Tuesday, 6 August 2013

The train carriage from Through the Looking-Glass

The train carriage from Through the Looking-Glass, an illustration by JVL 
in Lewis Carroll's Through the Looking-Glass, Artists' Choice Editions, 2011.

The text:

'Tickets, please!' said the Guard, putting his head in at the window.
In a moment everybody was holding out a ticket: they were about
the same size as the people, and quite seemed to fill the carriage.

'Now then! Show your ticket, child!' the Guard went on, looking
angrily at Alice. And a great many voices all said together ('like the
chorus of a song,' thought Alice), 'Don't keep him waiting, child!
Why, his time is worth a thousand pounds a minute!'

 'I'm afraid I haven't got one,' Alice said in a frightened tone: 'there
wasn't a ticket-office where I came from.' And again the chorus of
voices went on. 'There wasn't room for one where she came from.
The land there is worth a thousand pounds an inch!'

'Don't make excuses,' said the Guard: 'you should have bought one
 from the engine-driver.' And once more the chorus of voices went
on with 'The man that drives the engine. Why, the smoke alone is
worth a thousand pounds a puff!'

Alice thought to herself, 'Then there's no use in speaking.' The
voices didn't join in this time, as she hadn't spoken, but to her great
surprise, they all THOUGHT in chorus (I hope you understand what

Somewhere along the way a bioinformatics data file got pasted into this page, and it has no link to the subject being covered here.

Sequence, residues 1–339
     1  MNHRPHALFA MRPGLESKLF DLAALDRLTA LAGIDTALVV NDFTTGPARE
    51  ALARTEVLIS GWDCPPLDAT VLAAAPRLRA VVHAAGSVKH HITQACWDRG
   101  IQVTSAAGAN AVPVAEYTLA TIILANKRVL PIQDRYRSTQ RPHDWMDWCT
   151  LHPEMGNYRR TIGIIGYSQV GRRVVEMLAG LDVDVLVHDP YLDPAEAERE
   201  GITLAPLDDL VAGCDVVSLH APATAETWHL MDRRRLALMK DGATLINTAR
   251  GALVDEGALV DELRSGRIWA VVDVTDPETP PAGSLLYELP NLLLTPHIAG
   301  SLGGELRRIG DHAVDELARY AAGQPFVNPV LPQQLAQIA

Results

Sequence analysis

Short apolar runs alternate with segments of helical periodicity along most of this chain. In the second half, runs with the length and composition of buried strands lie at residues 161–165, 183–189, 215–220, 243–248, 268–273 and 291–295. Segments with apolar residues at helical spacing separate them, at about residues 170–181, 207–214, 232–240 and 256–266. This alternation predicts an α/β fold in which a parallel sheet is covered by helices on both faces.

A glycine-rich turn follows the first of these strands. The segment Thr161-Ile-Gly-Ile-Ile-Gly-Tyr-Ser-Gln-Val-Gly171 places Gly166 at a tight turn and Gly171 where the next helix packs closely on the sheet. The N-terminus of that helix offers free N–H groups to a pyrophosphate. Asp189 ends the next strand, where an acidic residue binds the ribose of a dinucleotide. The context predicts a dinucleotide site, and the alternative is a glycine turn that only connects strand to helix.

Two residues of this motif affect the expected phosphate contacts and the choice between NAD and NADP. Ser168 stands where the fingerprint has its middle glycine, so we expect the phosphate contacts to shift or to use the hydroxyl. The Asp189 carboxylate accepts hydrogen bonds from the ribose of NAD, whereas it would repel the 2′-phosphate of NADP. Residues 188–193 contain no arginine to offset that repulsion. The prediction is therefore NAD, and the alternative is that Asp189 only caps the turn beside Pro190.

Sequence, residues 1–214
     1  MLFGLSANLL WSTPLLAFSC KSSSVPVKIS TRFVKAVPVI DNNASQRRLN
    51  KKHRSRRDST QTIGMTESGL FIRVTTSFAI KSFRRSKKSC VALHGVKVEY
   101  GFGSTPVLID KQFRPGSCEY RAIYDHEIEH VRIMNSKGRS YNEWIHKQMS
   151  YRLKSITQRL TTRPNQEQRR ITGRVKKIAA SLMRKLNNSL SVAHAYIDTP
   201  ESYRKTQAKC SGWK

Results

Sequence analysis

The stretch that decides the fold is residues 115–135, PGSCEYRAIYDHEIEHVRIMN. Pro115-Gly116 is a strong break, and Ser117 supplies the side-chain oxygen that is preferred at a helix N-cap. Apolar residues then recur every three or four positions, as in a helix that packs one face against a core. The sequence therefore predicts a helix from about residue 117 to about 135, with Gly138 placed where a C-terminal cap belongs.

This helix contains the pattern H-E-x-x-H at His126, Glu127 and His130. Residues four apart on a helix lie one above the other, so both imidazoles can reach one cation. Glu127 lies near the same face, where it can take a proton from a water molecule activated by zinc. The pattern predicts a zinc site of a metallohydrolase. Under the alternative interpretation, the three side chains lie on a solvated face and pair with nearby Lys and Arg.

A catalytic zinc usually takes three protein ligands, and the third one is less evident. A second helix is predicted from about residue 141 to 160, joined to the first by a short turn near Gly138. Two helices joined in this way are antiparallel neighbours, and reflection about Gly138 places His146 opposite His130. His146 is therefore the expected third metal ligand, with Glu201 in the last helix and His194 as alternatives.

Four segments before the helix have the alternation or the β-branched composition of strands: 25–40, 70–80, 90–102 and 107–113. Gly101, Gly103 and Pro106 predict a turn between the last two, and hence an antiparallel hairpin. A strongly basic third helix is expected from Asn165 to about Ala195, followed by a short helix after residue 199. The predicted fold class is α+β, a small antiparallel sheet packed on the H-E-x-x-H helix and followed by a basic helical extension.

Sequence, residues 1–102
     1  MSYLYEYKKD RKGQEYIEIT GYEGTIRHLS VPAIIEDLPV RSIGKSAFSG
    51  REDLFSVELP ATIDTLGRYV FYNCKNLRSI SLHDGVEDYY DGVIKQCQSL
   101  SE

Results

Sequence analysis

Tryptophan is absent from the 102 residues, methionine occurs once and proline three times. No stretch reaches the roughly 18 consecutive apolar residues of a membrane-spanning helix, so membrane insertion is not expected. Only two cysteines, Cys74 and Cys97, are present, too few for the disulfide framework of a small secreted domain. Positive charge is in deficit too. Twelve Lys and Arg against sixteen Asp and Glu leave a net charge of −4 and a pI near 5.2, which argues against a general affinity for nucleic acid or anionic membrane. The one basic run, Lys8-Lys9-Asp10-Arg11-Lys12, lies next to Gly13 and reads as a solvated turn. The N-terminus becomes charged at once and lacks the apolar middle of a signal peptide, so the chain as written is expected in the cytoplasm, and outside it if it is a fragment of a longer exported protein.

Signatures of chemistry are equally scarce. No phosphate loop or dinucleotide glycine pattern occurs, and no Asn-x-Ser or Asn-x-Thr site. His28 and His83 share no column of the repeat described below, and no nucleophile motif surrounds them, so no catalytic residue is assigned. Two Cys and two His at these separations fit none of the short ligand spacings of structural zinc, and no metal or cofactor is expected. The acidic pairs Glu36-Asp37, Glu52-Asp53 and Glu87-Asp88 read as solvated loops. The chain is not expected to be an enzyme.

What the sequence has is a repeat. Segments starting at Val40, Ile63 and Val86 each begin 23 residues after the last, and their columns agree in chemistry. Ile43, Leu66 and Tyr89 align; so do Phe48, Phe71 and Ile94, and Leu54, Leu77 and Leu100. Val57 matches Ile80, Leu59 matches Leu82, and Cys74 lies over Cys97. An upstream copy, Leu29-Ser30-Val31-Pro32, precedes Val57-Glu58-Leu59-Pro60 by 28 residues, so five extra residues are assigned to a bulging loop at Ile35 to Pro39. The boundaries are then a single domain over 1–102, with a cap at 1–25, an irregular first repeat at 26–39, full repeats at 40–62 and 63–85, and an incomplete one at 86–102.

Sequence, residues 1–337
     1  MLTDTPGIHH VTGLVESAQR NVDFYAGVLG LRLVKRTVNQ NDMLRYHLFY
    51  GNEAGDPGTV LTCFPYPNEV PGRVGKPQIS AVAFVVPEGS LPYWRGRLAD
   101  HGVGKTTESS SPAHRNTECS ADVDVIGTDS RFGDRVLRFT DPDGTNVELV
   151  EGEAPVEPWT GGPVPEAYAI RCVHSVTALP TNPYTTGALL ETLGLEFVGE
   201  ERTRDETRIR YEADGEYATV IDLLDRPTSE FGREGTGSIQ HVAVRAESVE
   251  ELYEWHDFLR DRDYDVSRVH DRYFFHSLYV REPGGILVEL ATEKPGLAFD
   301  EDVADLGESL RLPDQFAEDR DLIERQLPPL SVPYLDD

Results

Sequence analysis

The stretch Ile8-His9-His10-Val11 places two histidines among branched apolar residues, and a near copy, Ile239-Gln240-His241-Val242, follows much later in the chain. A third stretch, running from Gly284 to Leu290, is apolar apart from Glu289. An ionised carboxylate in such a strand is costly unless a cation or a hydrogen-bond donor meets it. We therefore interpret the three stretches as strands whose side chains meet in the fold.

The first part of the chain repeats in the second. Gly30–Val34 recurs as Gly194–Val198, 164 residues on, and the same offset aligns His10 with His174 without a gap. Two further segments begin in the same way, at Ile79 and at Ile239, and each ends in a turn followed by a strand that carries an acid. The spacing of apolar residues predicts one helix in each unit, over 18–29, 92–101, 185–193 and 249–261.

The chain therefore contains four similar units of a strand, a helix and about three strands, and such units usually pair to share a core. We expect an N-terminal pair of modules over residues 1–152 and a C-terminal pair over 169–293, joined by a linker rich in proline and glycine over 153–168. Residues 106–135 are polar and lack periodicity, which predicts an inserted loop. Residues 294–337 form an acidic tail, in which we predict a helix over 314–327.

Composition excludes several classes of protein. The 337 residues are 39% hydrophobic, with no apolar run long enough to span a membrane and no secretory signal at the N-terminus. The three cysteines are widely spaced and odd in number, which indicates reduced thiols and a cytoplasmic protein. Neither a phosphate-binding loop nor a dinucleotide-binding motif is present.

THINKING IN CHORUS means -- for I must confess that _I_ don't),
'Better say nothing at all. Language is worth a thousand pounds a

 'I shall dream about a thousand pounds tonight, I know I shall!'
thought Alice.

All this time the Guard was looking at her, first through a telescope,
 then through a microscope, and then through an opera- glass. At
last he said, 'You're travelling the wrong way,' and shut up the
window and went away.

'So young a child,' said the gentleman sitting opposite to her (he was
dressed in white paper), 'ought to know which way she's going,
even if she doesn't know her own name!'

A Goat, that was sitting next to the gentleman in white, shut his
eyes and said in a loud voice, 'She ought to know her way to the
ticket-office, even if she doesn't know her alphabet!'

There was a Beetle sitting next to the Goat (it was a very queer
carriage-full of passengers altogether), and, as the rule seemed to
be that they should all speak in turn, HE went on with 'She'll have
to go back from here as luggage!'
Alice couldn't see who was sitting beyond the Beetle, but a hoarse

voice spoke next. 'Change engines -- ' it said, and was obliged to
leave off.

 'It sounds like a horse,' Alice thought to herself. And an extremely
small voice, close to her ear, said, 'You might make a joke on that --
 something about "horse" and "hoarse," you know.'

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